15 Best Rick and Morty Characters, Ranked

Watching the absolutely brilliant ‘Rick and Morty’ was nothing short of a TV viewing revelation for me. It completely changed the way I would come to choose and view the shows that would later become a part of my watchlist, and has somewhat influenced my taste in the kind of comedy and sci-fi I view. You come out of a typical Rick and Morty episode either surprised, shocked, guffawing, often times disgusted too, but mostly just marveling at how effortlessly put together it all seems, and scratching your head on all the jargon it throws at you at lightning speed, in the name of philosophy, technology, relationships, religion, politics, sci-fi and life itself, in the words of the very rise Rick Sanchez, who, discerning as it may be for a cynic, stands right most of the time.

That precisely, I believe, is a true victory for the show. The show operates in multiple timelines, galaxies and dimensions, yet the deepest problems they face are also the most human. Morty and Summer’s insecurity at school and in life, looking at their parents go through a rough marriage, which in turn dials back to Beth having to be at the helm of Rick’s abandonment issues in her childhood. It’s all thankfully delivered with a good bit of fun, and a ton of other zany, memorable characters thrown in, that really add the extra edge to the show. What’s also surprising is that most characters are also voiced by the duo of Justin Roiland and Dan Harmon, the co-creators of the show. How one comes up with absolutely brilliant stuff like this, write all the brilliant characters populating your script, make them funny yet zany and resonant, AND voice them too is beyond me. But, as long as we are being delivered top quality entertainment from Adult Swim, we’re all for it. Having already ranked the best episodes on the series, here we delve into all Rick and Morty characters that make the show awesome and try to rank them. Happy reading! (And viewing!) Needless to say, everything following this contains spoilers and will make little to no sense if you haven’t watched the show. By the way, which Rick and Morty character are you? Who do you think should top the list?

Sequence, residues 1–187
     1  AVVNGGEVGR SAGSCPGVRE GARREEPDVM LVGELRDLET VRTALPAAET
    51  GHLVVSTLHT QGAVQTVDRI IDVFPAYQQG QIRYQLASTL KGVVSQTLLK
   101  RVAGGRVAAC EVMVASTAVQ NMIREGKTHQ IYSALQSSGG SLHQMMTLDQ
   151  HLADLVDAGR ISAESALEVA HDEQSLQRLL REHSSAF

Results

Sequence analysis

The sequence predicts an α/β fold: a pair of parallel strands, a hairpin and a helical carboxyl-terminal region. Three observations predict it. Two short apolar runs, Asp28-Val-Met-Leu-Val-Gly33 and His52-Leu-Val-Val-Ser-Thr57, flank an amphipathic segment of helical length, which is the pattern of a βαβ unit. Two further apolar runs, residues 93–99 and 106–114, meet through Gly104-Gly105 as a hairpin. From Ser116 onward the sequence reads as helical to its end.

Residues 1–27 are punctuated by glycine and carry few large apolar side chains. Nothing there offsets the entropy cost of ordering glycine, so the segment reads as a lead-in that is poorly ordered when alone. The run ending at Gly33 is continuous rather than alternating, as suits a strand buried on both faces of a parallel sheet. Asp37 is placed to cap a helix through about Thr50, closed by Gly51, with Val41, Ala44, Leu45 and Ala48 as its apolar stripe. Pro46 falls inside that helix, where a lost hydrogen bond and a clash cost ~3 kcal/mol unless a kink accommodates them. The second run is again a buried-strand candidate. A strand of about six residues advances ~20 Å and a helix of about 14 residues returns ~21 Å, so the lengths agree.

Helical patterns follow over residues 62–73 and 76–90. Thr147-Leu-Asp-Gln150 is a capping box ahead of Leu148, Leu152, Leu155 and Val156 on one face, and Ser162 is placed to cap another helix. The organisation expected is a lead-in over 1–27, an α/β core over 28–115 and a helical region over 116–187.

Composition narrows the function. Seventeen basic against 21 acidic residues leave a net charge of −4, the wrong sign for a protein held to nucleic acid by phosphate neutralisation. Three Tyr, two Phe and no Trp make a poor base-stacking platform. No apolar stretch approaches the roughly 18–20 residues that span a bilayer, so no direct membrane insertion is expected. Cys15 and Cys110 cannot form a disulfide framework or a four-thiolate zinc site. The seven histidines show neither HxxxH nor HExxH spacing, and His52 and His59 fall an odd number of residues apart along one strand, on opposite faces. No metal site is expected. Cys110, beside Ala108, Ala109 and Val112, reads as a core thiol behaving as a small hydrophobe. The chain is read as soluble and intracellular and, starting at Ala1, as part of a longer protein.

15. Summer Smith

Summer is literally every typical high school white girl parodied in animation. While her speech, mannerisms, body language, and the voice acting are spot on, it’s her growth as a character on the show to so much more than what an initial impression gives away is what keeps me invested in Summer as a character. She can be funny, exceptionally practical in situations even Rick sometimes fails to, simply an acceptance seeking teenager, or a bright spot in a family of nitwits (except Rick, of course). Her scenes where she confronts the fact that she was an unplanned child, and the way she chooses to deal with it among an increasingly dysfunctional family, from the strongest moments for her as a character in my opinion.

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14. Beth Smith

Beth is the kind of psychologically complex character who brings a lot of depth to the show’s proceedings. Her doubt, confusion, uncertainty, and trying to find the genesis of her problems by courting her father’s methods while she struggles to be a good mother and horse surgeon, are all essential characteristics that certainly make her one of the most important parts of the show. The bit where she is torn apart believing that she might be a sentient clone of herself that her father replaced in this dimension is especially pivotal in her development as a character.

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13. Krombopulos Michael

Out of all the characters appearing on the list, Krombopulos Michael has the shortest screen time owing to the fact that he gets killed by Morty shortly after his introduction. Krombopulos Michael meets Rick in a garage to collect an anti-matter gun from him in exchange for Flerbos, which Rick uses to spend an afternoon at Blipz and Chitz, a videogame arcade, much to Morty’s disdain. Michael introduces himself as a professional assassin with no moral compass or ethics, “I’m very discreet. I have no code of ethics. I will kill anyone, anywhere. Children, animals, old people, doesn’t matter. I just love killing!” #KMIchealkills